If you are thinking of getting a new set of wheels, you might find it is less expensive to buy a new model than an used one.
The financial analysts at Edmunds.com, a leading automotive site, ran the numbers and found that six manufacturers two German and four Japanese are offering special interest rates on certain 2009 models that make them less expensive to purchase than comparable used 2008 models.
In fact, Edmunds says, well-to-do buyers looking for an expensive BMW 650i convertible could save a whopping $6,175 on a car with a list price of $82,515. If they opt for the coupe version they could save as much as $5,534.
The savings on certain Audis, Hondas, Mazdas, Mitsubishis and Nissans range from a low of $15 for the Touring model of the Mazda CX-7 crossover vehicle to a high of $2,603 on a Mazda5 Grand Touring minivan.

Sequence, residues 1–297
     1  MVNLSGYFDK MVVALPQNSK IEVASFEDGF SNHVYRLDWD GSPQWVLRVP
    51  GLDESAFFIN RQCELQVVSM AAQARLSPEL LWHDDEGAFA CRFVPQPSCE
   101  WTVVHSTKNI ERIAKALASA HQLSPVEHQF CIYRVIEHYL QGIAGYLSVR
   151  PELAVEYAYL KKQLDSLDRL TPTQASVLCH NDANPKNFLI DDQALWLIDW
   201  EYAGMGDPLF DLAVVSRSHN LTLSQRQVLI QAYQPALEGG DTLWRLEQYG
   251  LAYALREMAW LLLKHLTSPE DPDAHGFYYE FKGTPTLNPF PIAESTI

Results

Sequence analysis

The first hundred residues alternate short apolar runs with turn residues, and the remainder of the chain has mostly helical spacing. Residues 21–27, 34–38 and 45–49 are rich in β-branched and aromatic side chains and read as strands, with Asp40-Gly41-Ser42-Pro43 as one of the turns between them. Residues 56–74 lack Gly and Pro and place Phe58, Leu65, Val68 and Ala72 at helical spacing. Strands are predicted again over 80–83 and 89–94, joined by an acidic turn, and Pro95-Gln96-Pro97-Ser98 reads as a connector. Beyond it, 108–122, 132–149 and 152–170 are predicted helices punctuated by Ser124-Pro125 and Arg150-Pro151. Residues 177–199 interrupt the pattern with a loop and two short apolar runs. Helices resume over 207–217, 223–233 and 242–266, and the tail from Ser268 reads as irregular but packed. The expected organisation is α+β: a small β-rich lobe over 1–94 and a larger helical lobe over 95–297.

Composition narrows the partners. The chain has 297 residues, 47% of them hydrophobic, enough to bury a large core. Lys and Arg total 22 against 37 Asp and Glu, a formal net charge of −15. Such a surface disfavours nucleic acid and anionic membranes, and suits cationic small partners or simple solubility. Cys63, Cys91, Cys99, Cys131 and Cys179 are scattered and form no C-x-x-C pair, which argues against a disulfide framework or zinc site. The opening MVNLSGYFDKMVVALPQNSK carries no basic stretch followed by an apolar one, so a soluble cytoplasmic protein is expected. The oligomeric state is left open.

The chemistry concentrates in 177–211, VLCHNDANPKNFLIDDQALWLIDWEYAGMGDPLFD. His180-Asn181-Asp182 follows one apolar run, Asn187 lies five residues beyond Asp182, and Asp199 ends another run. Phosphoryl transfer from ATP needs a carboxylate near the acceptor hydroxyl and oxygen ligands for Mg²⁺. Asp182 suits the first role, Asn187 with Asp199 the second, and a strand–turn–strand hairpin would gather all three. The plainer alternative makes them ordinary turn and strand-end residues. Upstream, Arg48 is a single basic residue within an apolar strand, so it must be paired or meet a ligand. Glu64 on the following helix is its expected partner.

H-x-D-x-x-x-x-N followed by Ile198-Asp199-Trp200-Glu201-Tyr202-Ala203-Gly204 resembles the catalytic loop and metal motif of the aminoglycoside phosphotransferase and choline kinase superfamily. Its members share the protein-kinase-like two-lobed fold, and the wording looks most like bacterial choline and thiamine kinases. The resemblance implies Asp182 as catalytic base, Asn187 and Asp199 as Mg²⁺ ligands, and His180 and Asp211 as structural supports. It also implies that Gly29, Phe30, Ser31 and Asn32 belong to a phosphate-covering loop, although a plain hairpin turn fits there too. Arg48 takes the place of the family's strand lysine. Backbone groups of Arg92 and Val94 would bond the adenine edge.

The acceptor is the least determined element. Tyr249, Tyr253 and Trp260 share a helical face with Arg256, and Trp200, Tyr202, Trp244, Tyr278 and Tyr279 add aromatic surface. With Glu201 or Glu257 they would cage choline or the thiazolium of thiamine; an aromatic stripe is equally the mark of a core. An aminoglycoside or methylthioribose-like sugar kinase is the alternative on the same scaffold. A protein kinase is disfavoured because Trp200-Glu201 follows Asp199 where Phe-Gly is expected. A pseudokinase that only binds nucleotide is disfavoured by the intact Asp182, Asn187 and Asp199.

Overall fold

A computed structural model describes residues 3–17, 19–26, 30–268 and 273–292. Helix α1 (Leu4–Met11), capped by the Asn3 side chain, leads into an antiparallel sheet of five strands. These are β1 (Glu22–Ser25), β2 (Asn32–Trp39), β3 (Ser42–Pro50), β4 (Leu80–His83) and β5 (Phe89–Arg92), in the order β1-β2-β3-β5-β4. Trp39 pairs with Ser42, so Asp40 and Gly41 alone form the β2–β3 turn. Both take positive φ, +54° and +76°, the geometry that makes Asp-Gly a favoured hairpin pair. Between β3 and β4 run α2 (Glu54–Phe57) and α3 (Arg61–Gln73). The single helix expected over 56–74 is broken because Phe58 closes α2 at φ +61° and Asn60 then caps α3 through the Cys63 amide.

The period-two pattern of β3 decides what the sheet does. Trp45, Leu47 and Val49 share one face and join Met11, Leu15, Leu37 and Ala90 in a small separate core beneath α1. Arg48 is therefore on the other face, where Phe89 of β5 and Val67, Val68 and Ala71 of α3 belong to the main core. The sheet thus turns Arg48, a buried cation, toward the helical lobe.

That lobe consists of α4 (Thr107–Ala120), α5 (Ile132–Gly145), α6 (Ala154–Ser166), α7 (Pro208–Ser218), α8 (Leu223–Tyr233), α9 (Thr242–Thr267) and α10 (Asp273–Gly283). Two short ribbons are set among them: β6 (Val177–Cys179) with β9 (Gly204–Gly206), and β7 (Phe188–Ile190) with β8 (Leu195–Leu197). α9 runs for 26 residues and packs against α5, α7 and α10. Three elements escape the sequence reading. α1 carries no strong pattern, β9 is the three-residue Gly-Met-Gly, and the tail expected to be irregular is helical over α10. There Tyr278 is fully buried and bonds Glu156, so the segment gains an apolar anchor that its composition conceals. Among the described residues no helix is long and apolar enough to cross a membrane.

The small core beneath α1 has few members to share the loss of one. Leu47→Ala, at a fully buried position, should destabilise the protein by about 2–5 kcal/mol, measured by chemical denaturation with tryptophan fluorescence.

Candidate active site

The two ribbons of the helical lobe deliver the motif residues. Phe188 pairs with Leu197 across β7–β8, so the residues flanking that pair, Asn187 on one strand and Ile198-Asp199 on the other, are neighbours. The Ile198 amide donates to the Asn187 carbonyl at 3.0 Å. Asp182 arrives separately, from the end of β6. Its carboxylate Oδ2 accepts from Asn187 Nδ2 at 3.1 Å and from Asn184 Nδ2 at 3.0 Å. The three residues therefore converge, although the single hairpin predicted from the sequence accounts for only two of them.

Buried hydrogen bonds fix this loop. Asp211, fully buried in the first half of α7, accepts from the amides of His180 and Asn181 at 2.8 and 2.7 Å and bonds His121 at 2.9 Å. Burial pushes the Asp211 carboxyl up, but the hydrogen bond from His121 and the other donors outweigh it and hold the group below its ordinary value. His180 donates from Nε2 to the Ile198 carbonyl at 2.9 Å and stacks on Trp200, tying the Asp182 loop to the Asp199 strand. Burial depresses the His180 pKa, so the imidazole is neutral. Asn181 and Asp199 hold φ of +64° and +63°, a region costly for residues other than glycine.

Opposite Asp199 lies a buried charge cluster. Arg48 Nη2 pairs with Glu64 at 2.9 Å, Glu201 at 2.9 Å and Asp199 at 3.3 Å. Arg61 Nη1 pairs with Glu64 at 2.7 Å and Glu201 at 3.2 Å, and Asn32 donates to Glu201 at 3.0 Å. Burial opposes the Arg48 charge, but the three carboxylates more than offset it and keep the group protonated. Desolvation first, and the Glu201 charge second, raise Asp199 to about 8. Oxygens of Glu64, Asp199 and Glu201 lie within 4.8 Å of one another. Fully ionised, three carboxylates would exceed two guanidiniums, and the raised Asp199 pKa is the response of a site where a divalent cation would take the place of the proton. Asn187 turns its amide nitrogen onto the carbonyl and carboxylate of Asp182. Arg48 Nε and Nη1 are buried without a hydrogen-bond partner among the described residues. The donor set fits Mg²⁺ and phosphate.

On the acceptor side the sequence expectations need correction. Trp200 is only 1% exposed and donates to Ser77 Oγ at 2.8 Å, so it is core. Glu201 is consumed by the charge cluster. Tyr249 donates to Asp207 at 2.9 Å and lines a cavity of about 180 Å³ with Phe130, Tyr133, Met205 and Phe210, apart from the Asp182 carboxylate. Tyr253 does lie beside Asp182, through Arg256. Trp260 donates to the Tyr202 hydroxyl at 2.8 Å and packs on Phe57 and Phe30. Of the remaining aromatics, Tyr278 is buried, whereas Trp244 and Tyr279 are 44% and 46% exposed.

Compared with new vehicles sales which are at lows unseen in decades the used car market is doing well, said Jeremy Anwyl, Edmunds.com chief executive officer. Desirable used vehicles are becoming harder to find, pushing up their prices, while today's new cars are heavily discounted. This is creating an unusual economic event.
In making its calculations, Edmunds assumed buyers would take out a 60-month loan. They also assumed a new-car interest rate of 5.9 percent and an used-car finance rate of 10.5 percent. The analysts added in delivery charges, gas-guzzler taxes if appropriate, and dealer cash programs.
Edmunds suggests that customers check its Incentives and Rebates database on its web site to see if there are any additional savings. It also suggested they add in sales tax and registration fees to figure out their total cost.